Iranian Foreign Minister Mohammad Javad Zarif addresses the General Debate of the High-level Segment of the Economic and Social Council (ECOSOC) Ministerial Segment of the High-level Political Forum on Sustainable Development, at the UN headquarters in New York, July 17, 2019. Javad Zarif on Wednesday told a United Nations high-level meeting that Iranian people are subjected to the most brutal form of "economic terrorism." (Xinhua/Li Muzi)
UNITED NATIONS, July 17 (Xinhua) -- Iranian Foreign Minister Mohammad Javad Zarif on Wednesday told a United Nations high-level meeting that Iranian people are subjected to the most brutal form of "economic terrorism."
"Regional threats and insecurity caused by foreign-sponsored terrorism, extremism and violence, hamper our efforts. Our people are also subjected to the most brutal form of 'economic terrorism' -- deliberately targeting innocent civilians to achieve illegitimate political objectives," Zarif told the ministerial meeting at the UN headquarters in New York on sustainable development goals (SDGs), which aim to tackle issues including conflict, hunger, gender equality and climate change by 2030.
"The unlawful extraterritorial economic sanctions imposed on Iran by the United States in violation of Security Council Resolution 2231 represent the greatest threat to the achievement of sustainable development goals of Iran and many of our neighbors," he noted.
"A renewed commitment to multilateralism and global solidarity is urgently needed. This should also entail, among others, the developed world re-visiting its commitment to help create an enabling environment for sustained economic growth and sustainable development of all countries, regions, and ultimately the planet as a whole," said the foreign minister, who arrived in New York on Sunday.
UN Secretary-General Antonio Guterres' report about the progress of the implementation of the 2030 Agenda for SDGs indicates sluggish progress in many areas, and underlines "that the most vulnerable people and countries continue to suffer the most and that the global response thus far has not been ambitious enough," Zarif said.
He also echoed the secretary-general's remarks that "inequality between and within countries is disturbingly high" and that "development is not sustainable if it is not fair and inclusive."
"Failure so far can be attributed to the failure of the developed world in keeping their side of the bargain, including those related to transfer of technology, capacity building and financial assistance," he said.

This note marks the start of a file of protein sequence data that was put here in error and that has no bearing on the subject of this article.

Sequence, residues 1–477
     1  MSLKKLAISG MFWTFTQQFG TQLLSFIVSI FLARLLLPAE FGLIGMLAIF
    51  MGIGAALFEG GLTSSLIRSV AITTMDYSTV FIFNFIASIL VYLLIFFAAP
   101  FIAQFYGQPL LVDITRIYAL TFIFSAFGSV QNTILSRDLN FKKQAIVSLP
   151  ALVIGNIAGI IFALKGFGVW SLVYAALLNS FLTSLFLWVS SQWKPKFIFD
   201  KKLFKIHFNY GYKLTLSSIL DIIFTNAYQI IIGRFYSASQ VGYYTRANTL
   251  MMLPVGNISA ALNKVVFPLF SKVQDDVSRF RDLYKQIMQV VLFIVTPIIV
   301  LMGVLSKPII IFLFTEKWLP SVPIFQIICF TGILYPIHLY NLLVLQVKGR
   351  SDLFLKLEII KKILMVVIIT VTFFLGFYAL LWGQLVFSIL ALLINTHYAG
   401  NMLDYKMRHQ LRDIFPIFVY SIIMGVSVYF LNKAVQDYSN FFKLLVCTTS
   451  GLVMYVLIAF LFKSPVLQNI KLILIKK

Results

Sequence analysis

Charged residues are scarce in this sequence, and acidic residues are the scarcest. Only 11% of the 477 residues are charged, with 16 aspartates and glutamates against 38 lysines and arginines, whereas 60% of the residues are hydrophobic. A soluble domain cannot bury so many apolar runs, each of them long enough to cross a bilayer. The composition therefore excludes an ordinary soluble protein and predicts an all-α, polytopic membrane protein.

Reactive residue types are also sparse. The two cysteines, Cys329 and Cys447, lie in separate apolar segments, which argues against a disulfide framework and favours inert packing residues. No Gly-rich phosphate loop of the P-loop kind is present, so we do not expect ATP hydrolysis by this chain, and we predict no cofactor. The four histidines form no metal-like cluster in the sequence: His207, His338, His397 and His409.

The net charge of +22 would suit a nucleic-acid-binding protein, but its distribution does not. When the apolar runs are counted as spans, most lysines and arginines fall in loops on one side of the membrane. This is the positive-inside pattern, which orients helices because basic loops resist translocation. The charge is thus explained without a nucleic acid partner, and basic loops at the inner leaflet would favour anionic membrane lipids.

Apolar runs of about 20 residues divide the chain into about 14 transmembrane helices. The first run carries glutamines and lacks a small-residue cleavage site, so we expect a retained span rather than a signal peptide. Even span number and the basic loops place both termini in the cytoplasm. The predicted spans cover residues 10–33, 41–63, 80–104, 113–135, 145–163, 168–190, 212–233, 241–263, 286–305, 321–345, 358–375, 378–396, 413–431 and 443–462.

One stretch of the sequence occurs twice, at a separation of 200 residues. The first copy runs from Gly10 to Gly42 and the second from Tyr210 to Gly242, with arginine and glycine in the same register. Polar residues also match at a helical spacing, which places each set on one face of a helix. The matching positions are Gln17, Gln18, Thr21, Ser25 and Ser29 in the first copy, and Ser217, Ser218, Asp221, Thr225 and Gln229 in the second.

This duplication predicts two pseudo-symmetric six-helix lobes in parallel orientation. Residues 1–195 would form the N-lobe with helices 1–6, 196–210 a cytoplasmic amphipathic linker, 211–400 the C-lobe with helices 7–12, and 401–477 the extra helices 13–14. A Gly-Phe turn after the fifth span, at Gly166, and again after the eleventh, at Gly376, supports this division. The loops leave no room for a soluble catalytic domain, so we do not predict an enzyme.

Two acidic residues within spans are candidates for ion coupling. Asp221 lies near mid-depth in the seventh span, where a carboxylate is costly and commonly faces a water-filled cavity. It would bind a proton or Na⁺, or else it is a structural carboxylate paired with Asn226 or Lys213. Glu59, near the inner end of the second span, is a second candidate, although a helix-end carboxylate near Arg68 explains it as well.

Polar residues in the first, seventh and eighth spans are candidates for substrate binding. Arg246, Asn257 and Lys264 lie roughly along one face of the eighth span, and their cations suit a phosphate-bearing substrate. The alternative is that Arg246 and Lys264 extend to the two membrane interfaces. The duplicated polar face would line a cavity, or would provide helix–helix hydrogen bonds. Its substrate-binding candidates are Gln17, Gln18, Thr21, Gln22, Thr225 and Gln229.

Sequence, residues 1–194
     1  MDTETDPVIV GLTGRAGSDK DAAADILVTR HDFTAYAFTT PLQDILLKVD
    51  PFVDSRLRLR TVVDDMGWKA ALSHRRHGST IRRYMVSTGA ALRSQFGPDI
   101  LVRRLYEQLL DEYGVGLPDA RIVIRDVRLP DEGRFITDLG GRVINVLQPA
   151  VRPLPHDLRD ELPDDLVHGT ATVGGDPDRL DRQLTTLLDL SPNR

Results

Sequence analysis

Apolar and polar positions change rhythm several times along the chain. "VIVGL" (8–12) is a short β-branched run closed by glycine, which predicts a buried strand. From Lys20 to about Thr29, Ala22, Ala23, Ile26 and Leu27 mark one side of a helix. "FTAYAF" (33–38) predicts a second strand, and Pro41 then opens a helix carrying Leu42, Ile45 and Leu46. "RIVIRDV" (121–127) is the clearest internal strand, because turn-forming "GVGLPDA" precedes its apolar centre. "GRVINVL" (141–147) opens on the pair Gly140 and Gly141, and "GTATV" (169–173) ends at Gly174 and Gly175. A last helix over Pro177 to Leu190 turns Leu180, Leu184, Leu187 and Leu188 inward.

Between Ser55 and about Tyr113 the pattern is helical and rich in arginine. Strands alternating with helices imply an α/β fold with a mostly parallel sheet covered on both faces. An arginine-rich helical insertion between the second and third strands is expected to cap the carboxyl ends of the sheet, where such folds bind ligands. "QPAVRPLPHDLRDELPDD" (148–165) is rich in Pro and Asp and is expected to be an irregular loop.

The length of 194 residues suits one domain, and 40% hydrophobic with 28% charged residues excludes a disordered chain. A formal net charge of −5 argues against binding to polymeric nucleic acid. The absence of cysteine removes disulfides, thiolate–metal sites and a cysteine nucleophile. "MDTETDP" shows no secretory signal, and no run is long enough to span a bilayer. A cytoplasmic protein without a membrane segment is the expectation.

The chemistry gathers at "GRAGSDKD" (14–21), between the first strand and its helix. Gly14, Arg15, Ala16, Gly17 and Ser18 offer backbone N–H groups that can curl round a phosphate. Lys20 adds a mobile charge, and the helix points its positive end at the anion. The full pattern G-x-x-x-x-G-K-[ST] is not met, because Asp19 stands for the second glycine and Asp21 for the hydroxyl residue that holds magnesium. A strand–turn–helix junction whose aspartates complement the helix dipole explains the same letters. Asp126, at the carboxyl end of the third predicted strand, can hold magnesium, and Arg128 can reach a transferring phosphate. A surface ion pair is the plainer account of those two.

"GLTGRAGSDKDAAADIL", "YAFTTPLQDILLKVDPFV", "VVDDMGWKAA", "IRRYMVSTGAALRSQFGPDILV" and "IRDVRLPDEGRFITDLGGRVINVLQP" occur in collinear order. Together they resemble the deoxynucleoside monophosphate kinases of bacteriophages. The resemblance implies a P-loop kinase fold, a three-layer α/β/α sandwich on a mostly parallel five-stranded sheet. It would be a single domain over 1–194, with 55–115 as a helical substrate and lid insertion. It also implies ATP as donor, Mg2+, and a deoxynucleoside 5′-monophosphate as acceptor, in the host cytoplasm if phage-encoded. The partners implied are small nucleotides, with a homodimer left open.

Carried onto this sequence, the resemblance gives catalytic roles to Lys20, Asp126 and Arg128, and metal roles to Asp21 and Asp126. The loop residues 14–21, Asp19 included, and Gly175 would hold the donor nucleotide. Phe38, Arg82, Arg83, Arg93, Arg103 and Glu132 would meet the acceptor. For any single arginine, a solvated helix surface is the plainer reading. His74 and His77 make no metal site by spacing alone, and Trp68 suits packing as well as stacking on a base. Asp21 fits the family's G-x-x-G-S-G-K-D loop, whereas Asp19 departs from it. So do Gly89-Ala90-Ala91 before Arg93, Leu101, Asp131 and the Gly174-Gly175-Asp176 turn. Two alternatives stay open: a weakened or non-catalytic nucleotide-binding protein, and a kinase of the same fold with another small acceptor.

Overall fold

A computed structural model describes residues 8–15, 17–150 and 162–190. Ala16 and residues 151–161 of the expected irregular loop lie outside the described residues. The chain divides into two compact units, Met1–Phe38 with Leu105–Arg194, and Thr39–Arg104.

Referring to Iran's efforts and progress in implementing the SDGs, Zarif said that in spite of "huge impediments" caused by unlawful unilateral sanctions, Iran has made "significant progress" in people's empowerment and equality, working on the basis of its own principles and national priorities: 27 percent of faculty members, 50 percent of college students and 37 percent of medical doctors are currently women.
"At the decision-making level, there has been a 60 percent increase in appointments in a bid to ensure our goal that by 2020, 30 percent of national decision makers are women," he added.
As for Iran's contribution to climate action, the foreign minister said that in the implementation of Iran's national "Comprehensive Low-Carbon Plan," the country "surpassed intended mitigation of greenhouse gas emission of 4 percent lower than BAU (Business-as-Usual)."
"Ending illiteracy and providing free public education has approached its full realization, and the literacy rate among Iranians is now at 97 percent of the population. An average of 15 percent of household expenditure is now spent on education," Zarif noted.
"Effective training for the socially harmed and disadvantaged groups, as well as for rural and nomad communities and prisoners, is now being offered. Educational opportunities have been extended to migrants and refugees, and currently 400,000 Afghan students are registered at local schools in Iran," he said.
In addition to such threats as "economic terrorism," the foreign minister admitted that Iran faces other challenges that include natural disasters, land degradation, desertification, and water scarcity.
U.S. Secretary of State Mike Pompeo said on Sunday that he had greenlighted a visa for Zarif to visit the UN headquarters in New York, adding that Zarif's movements will be largely confined.
Zarif and other members of the Iranian delegation will be allowed to travel between the UN headquarters and the Iranian mission, and to the residence of Iran's UN ambassador nearby, Pompeo told The Washington Post.
"U.S. diplomats don't roam around Tehran, so we don't see any reason for Iranian diplomats to roam freely around New York City, either," the Post quoted Pompeo as saying.
Farhan Haq, deputy spokesman for UN secretary-general, said Monday that the UN had told the United States that it was concerned over the restrictive travel measures imposed on Iran's foreign minister.
Since Washington pulled out of the 2015 Iran nuclear deal last year, relations between Iran and the United States have deteriorated with increasing tension seen in the Gulf of Oman, Persian Gulf and the Strait of Hormuz and the reinstatement of sanctions against Iran.
Zarif reportedly called on the European states to invest in measures to save the nuclear deal from falling apart, saying Tehran hasn't seen any move so far, as he arrived in New York on Sunday to take part in the high-level meeting, organized by the UN Economic and Social Council (ECOSOC).
Iran is a current ECOSOC member with its term ending in 2021.